DATAMATH CALCULATOR MUSEUM
With the Calculator War starting in 1975, manufacturing costs of basic 4-function electronic calculators were under extreme pressure and the calculator chip was one of the main cost drivers. The manufacturing costs of an Integrated Circuit (IC) are calculated with:
IC cost = (Die cost + Testing cost + Packaging cost) / Final test yield
With the die cost roughly proportional to the die area, testing and packaging costs roughly proportional to the pin count, and the final test yield mostly inverse proportional to the die area, goals are well defined: Keep the die size as small as possible for a set of requirements agreed on. With both ROM (Read-Only Memory) and RWM (Read-Write Memory) sizes the main contributors to the die area and shift-register based data memory (SAM, Serial-Access Memory) of Register Processors denser than RAM (Random-Access Memory) of Digit Processors, Texas Instruments introduced with the TMC0920 in June 1977 a very cost effective single-chip calculator circuit for the TI-1025 and TI-1050.
The TMC0920 chip includes a minimalistic 4,608 Bits ROM (512*9 Bits only 511 words accessible due to the design of the program counter) and 200 Bits SAM (5 Registers * 10 digits), a 4-bit Arithmetic unit, a programmable PLA for segment decoding and both segment and digit multiplexing for a 9-digit VF-Display. To further reduce the Bill of Material of an electronic calculator powered by a single 9V battery features the TMC0920 both an integrated charge pump driver to generate the high voltage (around -22V) for the Anodes and Grids of the VF-Display and integrated drivers for the Filament (heater) of it. Additional cost savings could be achieved by replacing a conventional [ON-OFF] switch with a simple push-button [ON] key.
While the TI-1025 was a very successful calculator marketed aggressively against the much more practical basic calculators using the then new LC-Display in a much slimmer housing, did it mark the last generation of TIs VFD calculators and consequently not too many products were designed with the TMC0920 chip. Texas Instruments recycled the design of the TMC0920 for use with LC-Displays and introduced in June 1978 with the TI-1030 their first US-built product based on the TP0310 single-chip calculator circuit manufactured in power-saving CMOS technology and sporting an identical architecture.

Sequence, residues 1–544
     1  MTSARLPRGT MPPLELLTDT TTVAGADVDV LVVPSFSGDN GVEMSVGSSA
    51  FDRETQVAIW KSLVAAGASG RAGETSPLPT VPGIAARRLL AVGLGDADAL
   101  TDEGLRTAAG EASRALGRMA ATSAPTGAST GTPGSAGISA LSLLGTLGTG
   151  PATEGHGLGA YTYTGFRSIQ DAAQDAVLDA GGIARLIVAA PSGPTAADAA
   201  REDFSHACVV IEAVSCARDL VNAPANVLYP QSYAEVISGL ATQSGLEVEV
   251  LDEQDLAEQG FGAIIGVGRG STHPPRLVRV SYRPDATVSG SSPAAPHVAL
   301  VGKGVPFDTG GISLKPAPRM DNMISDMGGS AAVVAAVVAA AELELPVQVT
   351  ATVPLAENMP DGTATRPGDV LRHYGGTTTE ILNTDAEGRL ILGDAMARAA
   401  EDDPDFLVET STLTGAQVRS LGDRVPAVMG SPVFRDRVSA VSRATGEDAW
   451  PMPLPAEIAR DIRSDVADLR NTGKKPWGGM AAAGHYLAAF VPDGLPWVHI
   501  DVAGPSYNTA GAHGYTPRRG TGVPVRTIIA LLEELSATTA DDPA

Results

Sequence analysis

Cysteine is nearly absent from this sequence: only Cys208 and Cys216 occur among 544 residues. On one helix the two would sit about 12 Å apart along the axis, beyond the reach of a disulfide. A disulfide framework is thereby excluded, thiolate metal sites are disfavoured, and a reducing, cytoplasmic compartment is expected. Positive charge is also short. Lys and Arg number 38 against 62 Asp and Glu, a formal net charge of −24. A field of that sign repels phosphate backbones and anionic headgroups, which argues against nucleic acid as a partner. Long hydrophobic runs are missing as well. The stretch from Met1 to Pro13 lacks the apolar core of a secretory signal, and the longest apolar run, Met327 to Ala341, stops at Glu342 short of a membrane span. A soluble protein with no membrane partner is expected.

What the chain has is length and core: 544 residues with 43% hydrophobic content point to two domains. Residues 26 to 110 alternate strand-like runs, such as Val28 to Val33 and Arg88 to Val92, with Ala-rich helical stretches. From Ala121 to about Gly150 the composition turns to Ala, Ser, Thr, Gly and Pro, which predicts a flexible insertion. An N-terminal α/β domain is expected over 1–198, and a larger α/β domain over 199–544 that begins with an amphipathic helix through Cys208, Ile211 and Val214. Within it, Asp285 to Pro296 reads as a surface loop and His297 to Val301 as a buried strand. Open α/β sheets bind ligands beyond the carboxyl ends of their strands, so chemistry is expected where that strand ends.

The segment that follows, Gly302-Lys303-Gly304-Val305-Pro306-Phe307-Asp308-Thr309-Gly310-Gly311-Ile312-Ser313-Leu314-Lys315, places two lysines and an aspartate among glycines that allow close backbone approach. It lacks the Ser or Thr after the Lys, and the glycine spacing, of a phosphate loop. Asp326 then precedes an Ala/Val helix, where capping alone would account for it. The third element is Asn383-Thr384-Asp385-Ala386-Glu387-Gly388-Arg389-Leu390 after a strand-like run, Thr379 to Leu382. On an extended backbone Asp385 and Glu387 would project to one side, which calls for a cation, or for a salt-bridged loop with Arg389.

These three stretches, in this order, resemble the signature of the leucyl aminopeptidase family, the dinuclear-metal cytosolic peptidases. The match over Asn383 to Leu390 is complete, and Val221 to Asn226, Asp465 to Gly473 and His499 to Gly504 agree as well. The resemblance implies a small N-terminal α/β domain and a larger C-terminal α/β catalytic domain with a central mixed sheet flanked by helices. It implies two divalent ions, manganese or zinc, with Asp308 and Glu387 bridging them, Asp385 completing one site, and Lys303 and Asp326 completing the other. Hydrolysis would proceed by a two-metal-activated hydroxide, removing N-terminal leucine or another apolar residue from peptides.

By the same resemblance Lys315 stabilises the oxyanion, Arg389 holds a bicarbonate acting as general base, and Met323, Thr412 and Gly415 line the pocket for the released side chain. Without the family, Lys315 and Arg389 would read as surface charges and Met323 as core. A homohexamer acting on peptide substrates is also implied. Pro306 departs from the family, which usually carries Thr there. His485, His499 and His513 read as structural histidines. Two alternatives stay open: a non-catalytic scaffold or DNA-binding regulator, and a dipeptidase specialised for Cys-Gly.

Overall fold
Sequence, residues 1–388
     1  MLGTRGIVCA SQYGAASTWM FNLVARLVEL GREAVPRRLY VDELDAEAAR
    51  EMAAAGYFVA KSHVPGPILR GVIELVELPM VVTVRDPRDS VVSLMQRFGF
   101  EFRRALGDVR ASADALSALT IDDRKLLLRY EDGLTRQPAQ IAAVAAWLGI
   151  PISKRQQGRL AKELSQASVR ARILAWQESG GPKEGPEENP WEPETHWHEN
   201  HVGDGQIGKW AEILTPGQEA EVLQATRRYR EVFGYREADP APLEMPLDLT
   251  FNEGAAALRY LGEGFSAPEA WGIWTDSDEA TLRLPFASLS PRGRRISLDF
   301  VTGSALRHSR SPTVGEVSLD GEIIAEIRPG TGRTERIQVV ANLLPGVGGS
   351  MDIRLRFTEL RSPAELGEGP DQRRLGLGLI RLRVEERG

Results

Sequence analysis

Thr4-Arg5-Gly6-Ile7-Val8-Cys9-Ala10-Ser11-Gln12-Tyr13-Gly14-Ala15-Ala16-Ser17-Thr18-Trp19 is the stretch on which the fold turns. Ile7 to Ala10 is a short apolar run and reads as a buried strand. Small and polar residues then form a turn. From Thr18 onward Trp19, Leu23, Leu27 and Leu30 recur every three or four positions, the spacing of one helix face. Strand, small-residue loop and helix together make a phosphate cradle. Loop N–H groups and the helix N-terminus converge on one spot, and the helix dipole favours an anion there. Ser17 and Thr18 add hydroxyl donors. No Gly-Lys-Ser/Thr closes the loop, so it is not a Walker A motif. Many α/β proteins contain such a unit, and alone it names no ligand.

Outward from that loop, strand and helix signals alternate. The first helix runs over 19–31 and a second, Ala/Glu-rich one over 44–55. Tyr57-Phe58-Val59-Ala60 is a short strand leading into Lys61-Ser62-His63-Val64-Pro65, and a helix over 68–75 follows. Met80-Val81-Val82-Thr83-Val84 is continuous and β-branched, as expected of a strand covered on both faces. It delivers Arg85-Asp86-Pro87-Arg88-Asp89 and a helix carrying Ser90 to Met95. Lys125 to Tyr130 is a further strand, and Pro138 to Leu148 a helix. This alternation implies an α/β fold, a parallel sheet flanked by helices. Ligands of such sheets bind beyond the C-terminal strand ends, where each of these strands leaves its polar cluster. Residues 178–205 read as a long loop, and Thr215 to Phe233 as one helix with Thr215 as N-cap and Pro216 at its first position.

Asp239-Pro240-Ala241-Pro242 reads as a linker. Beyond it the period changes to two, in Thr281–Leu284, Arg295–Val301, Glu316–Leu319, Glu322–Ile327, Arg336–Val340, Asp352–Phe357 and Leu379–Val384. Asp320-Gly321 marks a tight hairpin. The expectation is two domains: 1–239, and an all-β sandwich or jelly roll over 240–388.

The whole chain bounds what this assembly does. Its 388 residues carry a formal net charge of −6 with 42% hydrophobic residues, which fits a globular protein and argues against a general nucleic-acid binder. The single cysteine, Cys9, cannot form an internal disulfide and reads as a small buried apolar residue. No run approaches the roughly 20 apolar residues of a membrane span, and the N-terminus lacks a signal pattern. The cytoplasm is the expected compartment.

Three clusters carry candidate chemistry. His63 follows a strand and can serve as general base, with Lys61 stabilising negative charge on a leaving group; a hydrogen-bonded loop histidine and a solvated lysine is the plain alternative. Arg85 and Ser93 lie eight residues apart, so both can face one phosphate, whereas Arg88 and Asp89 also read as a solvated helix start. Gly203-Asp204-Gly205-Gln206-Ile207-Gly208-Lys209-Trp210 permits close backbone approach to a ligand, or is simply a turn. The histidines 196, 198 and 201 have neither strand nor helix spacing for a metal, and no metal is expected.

|TMC0921||TI-1050, Koh-I-Noor Hardtmuth 1050, Western Auto Citation||sign + 8||Memory, sqr(x), %|
|TMC0923||TI-1025, HEMA TI-1025, Western Auto Citation||sign + 8||Memory, %|
|Architecture||Single-chip Calculator||Basic, Memory|
|Category||Register Processor||40-bit registers (10 digits * 4 Bits|
|ROM Size||4,608 Bits||512 Words * 9 Bits|
|SAM Size||200 Bits||5 Registers * 10 digits (SAM)|
|Outputs||8 Digits, 8 Segments||Integrated Digit and Segment Drivers, Filament and Charge pump Drivers|
|Inputs||4 Keyboard||Digit to Keyboard Scan-Matrix|
The TMC0920 was manufactured in a 6 um metal gate PMOS process (metal width = 0.25 mil / 6.0 um, metal spacing = 0.25 mil / 6.0 um, diffusion width = 0.20 mil / 5.0 um, diffusion spacing = 0.25 mil / 6.0 um).
The die size of the TMC0920 is approximately 160 mils * 125 mils / 4.0 mm * 3.2 mm.
The TMC0920 uses a 0.4 wide 28-pin SPDIP (Shrink Plastic Dual In-line Package with a 0.07 / 1.778 mm lead pitch).
|1||V||Positive Voltage VSS||28||V||Negative Voltage VDD|
|2||I||Keymatrix input 4||27||V||Display Voltage VBIAS|
|3||I||Keymatrix input 3||26||O||Voltage Tripler Output|
|4||I||Keymatrix input 2||25||O||Filament driver 2|
|5||I||Keymatrix input 1||24||O||Filament driver 1|
|6||O||Digit driver 1 (LSD)||23||n.c.|
|7||O||Digit driver 2||22||O||Segment driver A|
|8||O||Digit driver 3||21||O||Segment driver B|
|9||O||Digit driver 4||20||O||Segment driver C|
|10||n.c.||19||O||Segment driver D|
|11||O||Digit driver 5||18||O||Segment driver F|
|12||O||Digit driver 6||17||O||Segment driver G|
|13||O||Digit driver 7||16||O||Segment driver E|
|14||O||Digit driver 8 (sign/MSD)||15||O||Segment driver DP|
|The Segment drivers A-G and DP (Decimal Point) are connected to the display in the pictured way.|
The keyboards of all calculators based on the TMC0920 family consist of a x/y-matrix connected to six digit-driver outputs and the keymatrix inputs K1, K2, K3, and K4.
Example for the TI-1050 with TMC0921:
Example for the TI-1025 with TMC0923:
Calculators based on the based on the TMC0920 make use of a 9-digit VFD (Vacuum-Fluorescent-Display).
If you have additions to the above datasheet please email: firstname.lastname@example.org.
© Sean Riddle and Joerg Woerner, April 8, 2021. No reprints
without written permission.